The Piqua Community Foundation awarded $55,843 to 17 organizations that serve Piqua residents this month.
The distribution is part of The Foundation’s twice-annual mini and standard grant cycles from unrestricted funds. The Foundation’s Distribution Committee makes recommendations to the Board of Directors for approval based on a grant application and review process.
The organizations awarded 2020 fall standard and mini grants are:
- American Red Cross – Fire alarm installation in Piqua homes
- Big Brothers Big Sisters Miami Valley – Matching Piqua youth with mentors
- Boy Scouts of America, Miami Valley Chapter – Registration assistance program for Piqua youth
- Brukner Nature Center – Owl Extraordinaire science program
- Dayton Performing Arts Alliance – Art explorer streams at Piqua schools
- Family Abuse Shelter of Miami County – Shelter expansion project
- Forest Hill Cemetery & Arboretum – New entrance sign lettering and lighting
- His Hands Extended Sanctuary – Trap, neuter and return program in Piqua
- Lehman Catholic High School – Individual learning styles professional development
- Lehman Catholic High School – Computer lab equipment for chemistry students
- Operation Venture & Caregiver Support – Reusable bags for events and resource-sharing
- Piqua Arts Council – Production of local concert videos
- Piqua Catholic School – Interactive white board
- Piqua City Schools – PHS – Bins for National Honor Society recycling program
- Piqua City Schools – PHS – National Honor Society little pantry project
- Piqua City Schools – PJHS – Social-emotional resource library
- RT Industries – Vehicles for services for adults with developmental disabilities
Some grant requests represented changes to service delivery models as nonprofit organizations are responsive to regulations during the pandemic. One example is grant recipient RT Industries, a nonprofit charged with serving adults with developmental disabilities.
“Thank you to The Piqua Community Foundation for approving our grant proposal to purchase smaller vehicles for our fleet,” said Ashley Brocious, chief executive officer of RT Industries. “Due to the pandemic and our desire to provide community-based services to smaller groups, RT Industries has chosen to shift away from larger vehicles. We appreciate the support within our community!”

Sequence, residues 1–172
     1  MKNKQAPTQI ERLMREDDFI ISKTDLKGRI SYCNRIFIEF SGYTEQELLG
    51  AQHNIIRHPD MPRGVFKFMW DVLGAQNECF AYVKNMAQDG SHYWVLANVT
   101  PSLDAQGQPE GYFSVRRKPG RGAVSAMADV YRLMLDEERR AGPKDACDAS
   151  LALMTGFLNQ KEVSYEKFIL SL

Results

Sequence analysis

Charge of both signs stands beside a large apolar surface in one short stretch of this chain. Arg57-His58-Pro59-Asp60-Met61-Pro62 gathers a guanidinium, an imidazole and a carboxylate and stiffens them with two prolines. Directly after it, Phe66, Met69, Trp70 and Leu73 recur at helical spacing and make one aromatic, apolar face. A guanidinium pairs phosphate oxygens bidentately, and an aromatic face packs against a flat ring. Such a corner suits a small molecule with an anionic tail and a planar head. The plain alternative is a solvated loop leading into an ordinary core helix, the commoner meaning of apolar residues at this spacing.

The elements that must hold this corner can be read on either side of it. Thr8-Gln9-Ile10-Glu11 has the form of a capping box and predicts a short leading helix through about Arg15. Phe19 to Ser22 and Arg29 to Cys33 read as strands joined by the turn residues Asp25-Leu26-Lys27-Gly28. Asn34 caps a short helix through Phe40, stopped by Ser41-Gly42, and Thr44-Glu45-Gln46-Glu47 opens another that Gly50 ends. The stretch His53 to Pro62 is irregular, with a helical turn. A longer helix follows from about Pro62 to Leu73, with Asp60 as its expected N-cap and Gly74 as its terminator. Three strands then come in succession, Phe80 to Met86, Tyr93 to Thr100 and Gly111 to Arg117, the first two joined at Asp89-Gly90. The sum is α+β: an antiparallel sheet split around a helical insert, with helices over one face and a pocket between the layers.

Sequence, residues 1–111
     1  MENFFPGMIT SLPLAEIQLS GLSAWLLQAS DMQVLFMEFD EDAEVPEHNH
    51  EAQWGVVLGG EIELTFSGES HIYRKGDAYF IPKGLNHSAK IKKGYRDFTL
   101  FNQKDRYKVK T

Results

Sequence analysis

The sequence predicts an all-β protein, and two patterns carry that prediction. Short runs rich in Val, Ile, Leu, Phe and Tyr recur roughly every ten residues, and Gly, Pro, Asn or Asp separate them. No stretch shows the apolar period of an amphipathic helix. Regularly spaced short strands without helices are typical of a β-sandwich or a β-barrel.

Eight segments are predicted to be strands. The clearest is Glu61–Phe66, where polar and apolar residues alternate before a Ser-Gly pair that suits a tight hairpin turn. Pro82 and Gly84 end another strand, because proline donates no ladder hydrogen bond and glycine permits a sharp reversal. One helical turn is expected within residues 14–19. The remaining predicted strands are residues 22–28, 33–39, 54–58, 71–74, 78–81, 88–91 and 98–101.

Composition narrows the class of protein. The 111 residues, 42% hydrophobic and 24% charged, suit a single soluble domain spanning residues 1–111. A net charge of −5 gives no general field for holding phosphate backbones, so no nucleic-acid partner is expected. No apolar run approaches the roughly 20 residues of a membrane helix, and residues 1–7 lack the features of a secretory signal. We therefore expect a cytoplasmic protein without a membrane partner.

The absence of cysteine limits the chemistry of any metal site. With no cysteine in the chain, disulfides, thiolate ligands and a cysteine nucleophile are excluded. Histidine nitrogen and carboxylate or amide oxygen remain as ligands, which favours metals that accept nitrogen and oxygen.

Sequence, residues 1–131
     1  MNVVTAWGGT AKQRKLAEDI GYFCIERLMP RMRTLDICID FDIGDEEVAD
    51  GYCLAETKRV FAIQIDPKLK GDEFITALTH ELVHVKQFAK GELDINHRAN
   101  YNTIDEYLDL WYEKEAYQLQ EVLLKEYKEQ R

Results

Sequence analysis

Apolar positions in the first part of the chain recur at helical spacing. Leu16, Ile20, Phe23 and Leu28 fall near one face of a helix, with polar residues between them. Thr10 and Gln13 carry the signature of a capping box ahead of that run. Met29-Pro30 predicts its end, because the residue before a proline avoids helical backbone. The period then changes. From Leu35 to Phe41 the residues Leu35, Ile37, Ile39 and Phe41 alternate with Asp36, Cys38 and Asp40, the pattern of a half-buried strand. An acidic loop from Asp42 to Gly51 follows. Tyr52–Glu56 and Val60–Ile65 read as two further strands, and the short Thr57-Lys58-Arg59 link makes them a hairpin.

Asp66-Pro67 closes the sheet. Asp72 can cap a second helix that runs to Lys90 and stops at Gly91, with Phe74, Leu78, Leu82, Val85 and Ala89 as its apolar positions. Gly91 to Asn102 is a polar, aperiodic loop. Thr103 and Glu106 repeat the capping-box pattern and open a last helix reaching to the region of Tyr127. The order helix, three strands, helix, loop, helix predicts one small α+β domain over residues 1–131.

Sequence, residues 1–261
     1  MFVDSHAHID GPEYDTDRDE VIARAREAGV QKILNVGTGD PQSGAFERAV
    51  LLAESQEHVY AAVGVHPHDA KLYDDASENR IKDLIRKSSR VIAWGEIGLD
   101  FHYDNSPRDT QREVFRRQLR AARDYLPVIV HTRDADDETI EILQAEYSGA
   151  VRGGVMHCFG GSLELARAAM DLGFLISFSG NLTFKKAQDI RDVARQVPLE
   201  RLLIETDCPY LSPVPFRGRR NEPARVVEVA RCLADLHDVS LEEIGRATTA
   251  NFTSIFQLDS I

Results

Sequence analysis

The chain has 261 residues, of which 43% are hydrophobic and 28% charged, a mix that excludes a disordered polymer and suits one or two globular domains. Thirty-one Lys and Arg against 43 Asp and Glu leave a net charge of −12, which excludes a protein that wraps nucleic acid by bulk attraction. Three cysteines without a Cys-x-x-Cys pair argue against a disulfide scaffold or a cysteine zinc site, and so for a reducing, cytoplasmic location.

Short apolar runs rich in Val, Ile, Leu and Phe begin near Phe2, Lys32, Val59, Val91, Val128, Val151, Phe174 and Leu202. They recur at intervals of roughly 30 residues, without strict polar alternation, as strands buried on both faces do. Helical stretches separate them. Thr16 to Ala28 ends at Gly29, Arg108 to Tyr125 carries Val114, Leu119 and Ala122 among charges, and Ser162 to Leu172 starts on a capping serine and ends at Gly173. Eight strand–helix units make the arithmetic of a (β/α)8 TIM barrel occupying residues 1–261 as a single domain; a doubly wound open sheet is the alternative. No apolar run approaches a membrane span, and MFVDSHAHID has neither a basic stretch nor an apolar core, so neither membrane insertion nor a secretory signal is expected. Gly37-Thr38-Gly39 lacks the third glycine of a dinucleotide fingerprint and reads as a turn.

Due to current restrictions on gatherings, The Foundation opted to make individual grant check deliveries rather than invite grant recipients to The Foundation’s annual meeting, as it typically does. Committee members and staff delivered the awards November 9 to many of the recipient organizations. The remainder of awards were mailed.
Delivering awards in person gave The Foundation’s Distribution Committee members the opportunity to meet recipients at their location. For instance, one stop included a tour of the expansion project for the Family Abuse Shelter of Miami County. Another included meeting the National Honor Society (NHS) students who are tackling recycling bin and a little pantry projects.
“Thank you again from the bottom of my heart for your extremely generous contribution to the creation of this project,” said Lexi Gastelu, Piqua High School senior and NHS vice president. “I can’t wait to get started on it, and I can already tell it will make a massive difference in the lives of many people in the city of Piqua. Seeing it come to fruition is a dream come true, and I just know it will be successful even if it only helps one person.”
The next grant cycle has a March 15 deadline for mini grants and March 30 deadline for standard grants. To learn more about the grant and scholarship programs of The Piqua Community Foundation, visit piquacommunityfoundation.org.